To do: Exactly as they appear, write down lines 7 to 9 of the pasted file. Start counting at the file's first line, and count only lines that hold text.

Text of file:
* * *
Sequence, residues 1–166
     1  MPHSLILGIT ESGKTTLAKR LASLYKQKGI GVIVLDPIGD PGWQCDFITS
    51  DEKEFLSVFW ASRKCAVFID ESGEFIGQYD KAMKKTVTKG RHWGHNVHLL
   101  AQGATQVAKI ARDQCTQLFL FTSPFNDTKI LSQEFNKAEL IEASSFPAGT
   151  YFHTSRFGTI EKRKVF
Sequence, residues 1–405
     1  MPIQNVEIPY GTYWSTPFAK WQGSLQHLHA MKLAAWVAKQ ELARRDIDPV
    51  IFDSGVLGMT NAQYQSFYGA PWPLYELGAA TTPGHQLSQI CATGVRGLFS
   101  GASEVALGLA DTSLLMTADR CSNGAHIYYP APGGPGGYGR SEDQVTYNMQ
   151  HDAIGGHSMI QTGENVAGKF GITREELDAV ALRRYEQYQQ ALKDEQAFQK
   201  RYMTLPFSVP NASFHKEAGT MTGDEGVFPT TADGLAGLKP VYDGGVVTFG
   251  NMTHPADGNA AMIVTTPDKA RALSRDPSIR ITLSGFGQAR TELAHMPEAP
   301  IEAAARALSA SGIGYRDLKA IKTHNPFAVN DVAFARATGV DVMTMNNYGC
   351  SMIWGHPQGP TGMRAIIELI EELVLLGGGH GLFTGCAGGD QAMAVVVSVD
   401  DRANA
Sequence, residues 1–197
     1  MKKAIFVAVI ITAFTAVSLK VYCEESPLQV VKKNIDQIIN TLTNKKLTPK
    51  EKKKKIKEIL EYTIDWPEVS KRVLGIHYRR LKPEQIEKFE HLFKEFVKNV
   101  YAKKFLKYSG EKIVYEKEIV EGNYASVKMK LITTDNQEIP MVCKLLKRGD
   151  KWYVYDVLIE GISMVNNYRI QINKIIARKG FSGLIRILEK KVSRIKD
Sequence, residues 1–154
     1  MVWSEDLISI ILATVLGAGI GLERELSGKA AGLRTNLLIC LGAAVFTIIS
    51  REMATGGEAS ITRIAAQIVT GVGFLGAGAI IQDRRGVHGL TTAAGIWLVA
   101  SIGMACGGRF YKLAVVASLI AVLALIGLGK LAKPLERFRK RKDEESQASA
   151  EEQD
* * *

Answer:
     1  MPIQNVEIPY GTYWSTPFAK WQGSLQHLHA MKLAAWVAKQ ELARRDIDPV
    51  IFDSGVLGMT NAQYQSFYGA PWPLYELGAA TTPGHQLSQI CATGVRGLFS
   101  GASEVALGLA DTSLLMTADR CSNGAHIYYP APGGPGGYGR SEDQVTYNMQ